Joe Ferrell came to the Institute of Government in 1964 and is retiring at the end of this academic year—a wonderful career of more than 50 years. He has served as Secretary of the Faculty since retiring from our faculty ten years ago.
Joe is one of those legendary faculty members who really helped to shape the School’s reputation for excellence.
For example, most conversations about the rural-urban divide tend to focus on how to help struggling rural areas. Maybe it makes sense for us to invest more resources in serving urban areas that will face complex challenges associated with over-the-top population growth.
Chuck Szypszak recently was notified by Chancellor Folt that he is the recipient of the 2016 J. Carlyle Sitterson Freshman Teaching Award. This is a prestigious award and it is unprecedented, I think, for one of our faculty members to be recognized for teaching undergraduates.
I’ve truly come to appreciate the powerful sense of community that exists at the School. It is a special part of our culture and I believe it has been critically important to our success. I love that everyone is working to align themselves with one another in advancing the School’s mission, and we don’t waste a lot of time or energy on worrying about distinctions based on status.
DFI is a great example of how we are carrying out the School’s traditional mission for North Carolina in new and innovative ways. Albert Coates could not have imagined the craft brewery movement or our role in it, but he certainly would have approved and hoisted a pint to toast the success of DFI.
The School of Government’s Foundation Board recently met in November. The Board only meets twice a year—once in the fall and again in the spring. In the interest of overall transparency, I thought it might be helpful to give you some idea about the role of our Foundation and the Board. Financial Support. The School’s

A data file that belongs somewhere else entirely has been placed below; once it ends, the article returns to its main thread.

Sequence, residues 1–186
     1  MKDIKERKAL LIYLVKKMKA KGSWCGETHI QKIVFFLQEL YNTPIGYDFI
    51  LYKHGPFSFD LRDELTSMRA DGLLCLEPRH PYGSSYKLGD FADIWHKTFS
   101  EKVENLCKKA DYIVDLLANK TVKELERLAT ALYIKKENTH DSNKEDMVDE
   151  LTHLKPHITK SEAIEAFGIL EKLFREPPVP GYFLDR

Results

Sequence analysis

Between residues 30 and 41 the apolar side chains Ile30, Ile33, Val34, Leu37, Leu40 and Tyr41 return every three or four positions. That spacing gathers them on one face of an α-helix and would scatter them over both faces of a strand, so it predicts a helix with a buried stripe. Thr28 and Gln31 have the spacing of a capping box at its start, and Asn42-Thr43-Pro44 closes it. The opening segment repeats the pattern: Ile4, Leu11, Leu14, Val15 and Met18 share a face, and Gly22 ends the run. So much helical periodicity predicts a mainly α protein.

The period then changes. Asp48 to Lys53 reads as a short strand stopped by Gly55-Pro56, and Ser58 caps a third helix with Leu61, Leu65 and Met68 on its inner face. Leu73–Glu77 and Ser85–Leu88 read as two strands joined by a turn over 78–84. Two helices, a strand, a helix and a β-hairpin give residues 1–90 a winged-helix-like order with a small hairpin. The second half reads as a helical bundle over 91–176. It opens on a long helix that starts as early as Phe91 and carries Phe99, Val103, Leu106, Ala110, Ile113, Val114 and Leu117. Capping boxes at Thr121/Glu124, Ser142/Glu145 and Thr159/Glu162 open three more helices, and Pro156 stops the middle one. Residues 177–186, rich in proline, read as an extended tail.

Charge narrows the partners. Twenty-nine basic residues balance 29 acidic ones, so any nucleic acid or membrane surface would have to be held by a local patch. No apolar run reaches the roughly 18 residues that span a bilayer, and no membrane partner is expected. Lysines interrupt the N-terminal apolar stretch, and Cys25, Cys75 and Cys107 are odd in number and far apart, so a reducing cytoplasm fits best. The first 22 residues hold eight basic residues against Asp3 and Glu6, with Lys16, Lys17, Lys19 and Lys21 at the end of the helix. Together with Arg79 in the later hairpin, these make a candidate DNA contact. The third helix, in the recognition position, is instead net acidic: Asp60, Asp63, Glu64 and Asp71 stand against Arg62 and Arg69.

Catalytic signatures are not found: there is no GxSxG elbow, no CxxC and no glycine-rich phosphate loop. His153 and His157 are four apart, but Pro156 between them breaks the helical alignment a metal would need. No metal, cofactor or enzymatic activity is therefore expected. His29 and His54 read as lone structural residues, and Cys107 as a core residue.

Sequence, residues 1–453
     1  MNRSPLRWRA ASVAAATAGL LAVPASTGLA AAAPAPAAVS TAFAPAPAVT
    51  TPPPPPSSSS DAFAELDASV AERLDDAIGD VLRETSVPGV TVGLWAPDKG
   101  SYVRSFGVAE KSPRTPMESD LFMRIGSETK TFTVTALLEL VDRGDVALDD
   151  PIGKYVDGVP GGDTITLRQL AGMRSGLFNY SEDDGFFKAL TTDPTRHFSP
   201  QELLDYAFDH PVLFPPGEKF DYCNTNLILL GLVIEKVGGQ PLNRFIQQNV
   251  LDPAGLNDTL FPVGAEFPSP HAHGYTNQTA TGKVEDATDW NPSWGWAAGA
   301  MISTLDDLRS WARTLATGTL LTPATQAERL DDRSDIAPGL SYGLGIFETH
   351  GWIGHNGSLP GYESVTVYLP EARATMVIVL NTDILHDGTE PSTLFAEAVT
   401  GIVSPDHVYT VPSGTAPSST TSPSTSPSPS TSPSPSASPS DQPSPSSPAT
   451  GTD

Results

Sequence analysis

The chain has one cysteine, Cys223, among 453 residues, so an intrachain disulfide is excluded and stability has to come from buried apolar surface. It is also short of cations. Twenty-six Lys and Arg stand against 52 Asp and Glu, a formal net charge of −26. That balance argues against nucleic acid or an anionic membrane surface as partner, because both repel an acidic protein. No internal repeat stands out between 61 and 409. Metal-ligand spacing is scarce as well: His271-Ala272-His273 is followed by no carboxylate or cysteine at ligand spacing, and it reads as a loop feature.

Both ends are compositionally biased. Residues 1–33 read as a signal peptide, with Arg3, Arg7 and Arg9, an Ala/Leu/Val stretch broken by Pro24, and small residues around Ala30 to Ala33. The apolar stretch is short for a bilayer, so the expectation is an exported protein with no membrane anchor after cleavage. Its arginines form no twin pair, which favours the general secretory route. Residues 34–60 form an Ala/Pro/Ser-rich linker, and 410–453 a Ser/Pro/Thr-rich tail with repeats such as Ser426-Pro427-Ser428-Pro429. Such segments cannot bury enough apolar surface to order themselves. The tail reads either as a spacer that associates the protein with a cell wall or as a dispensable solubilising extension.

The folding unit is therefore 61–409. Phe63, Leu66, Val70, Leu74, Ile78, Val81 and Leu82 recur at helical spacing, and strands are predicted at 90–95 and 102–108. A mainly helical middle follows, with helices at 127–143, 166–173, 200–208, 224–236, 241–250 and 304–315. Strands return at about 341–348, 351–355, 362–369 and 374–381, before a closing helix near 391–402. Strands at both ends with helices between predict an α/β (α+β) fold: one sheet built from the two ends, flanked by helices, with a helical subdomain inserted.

This week the School revealed some important things about our organizational culture through the TeachingPalooza. It showed a real commitment to improving our teaching, and that alone is a good thing. At the same time, however, the event also demonstrated some broader features of our culture that cut across all of our work—not just our
Thanks to everyone for attending one of the nine roundtables on the School’s financial sustainability. I plan to offer one more for our legislative staff and anyone else who wasn’t able to attend the earlier sessions. My goal was to give everyone the same background for thinking about our financial future. In terms of the
The culture of the School encourages responsiveness and the consistent feedback from officials is that we do a great job. When something goes wrong, however, the Durham Bulls have provided us with a great example of how to respond. Admit it, apologize, and fix it. No excuses.
Faculty and staff still show a remarkable willingness to experiment with new approaches around what we do and how we do it. It should not require unusual courage to take smart risks in our work. Lives are not at stake. I want to continue strengthening the culture of innovation and creativity at the School.